WELLINGTON (Reuters) – The Reserve Bank of New Zealand said on Sunday it was responding urgently to a breach in one of its data systems.
A third-party file-sharing service used by the central bank to share and store certain sensitive information has been illegally accessed, the bank said in a statement.
RBNZ Governor Adrian Orr said the breach was contained, but added that it would take time to understand the full implications of the breach.
“The nature and extent of the information potentially accessed is still being determined, but it may include commercially and personally sensitive information,” Orr said in a statement.
In August, the operator of the New Zealand stock exchange was hit by cyber attacks. InPhySec, an independent cybersecurity company tasked with reviewing cyber attacks, said the volume, sophistication and persistence of the attacks were unprecedented for New Zealand.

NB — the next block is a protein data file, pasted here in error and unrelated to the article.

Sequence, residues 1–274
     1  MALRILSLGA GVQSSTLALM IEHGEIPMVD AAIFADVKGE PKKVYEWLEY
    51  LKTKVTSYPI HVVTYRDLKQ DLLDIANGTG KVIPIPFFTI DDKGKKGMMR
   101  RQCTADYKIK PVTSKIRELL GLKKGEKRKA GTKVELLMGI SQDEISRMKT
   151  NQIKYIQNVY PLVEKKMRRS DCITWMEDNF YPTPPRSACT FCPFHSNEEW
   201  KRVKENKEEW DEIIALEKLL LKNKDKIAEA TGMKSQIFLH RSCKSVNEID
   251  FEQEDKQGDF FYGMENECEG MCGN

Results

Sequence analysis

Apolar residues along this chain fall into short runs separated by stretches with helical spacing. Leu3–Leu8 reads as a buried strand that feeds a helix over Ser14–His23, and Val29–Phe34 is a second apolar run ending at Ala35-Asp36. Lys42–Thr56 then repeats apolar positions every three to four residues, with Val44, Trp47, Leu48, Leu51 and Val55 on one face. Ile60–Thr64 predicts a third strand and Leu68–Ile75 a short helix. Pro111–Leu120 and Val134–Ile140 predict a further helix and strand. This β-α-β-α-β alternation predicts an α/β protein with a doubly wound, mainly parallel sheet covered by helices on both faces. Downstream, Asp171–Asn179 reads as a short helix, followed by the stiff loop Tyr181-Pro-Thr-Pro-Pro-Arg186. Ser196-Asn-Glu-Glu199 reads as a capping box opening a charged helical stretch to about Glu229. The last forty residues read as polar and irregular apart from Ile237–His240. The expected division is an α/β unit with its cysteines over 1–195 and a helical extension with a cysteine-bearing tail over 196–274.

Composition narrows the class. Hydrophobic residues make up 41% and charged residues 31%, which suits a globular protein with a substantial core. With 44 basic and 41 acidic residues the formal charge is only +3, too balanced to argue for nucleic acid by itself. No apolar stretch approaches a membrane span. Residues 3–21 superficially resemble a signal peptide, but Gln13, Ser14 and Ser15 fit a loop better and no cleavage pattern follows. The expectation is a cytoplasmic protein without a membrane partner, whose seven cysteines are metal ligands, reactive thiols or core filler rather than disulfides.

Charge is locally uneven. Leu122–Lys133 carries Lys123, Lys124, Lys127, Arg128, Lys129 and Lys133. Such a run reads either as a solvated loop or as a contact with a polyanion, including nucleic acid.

In a November 2019 financial stability report, the RBNZ warned that the frequency and severity of cybersecurity incidents were on the rise in New Zealand.
In February last year, the bank said in a report that the expected cost of cyber incidents to the banking and insurance industry was between NZD80 million ($ 58 million) and NZD140 million per year.
“More extreme events have a low probability but are still plausible,” the bank said in this report.
(1 USD = 1.3808 New Zealand dollars)